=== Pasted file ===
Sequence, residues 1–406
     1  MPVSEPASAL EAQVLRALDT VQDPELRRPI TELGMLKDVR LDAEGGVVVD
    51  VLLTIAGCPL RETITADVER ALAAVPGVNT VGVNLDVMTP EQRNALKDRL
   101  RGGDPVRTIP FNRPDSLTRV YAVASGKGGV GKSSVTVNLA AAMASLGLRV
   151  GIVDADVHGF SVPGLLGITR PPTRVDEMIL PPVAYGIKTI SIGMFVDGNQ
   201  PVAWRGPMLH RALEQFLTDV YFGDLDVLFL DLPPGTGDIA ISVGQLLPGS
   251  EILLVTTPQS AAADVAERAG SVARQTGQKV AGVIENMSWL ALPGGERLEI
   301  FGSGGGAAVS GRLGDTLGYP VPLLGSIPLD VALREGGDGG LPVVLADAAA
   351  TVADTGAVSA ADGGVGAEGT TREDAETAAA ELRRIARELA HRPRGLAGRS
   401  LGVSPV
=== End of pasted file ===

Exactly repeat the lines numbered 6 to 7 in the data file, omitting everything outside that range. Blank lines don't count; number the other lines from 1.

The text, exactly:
   201  PVAWRGPMLH RALEQFLTDV YFGDLDVLFL DLPPGTGDIA ISVGQLLPGS
   251  EILLVTTPQS AAADVAERAG SVARQTGQKV AGVIENMSWL ALPGGERLEI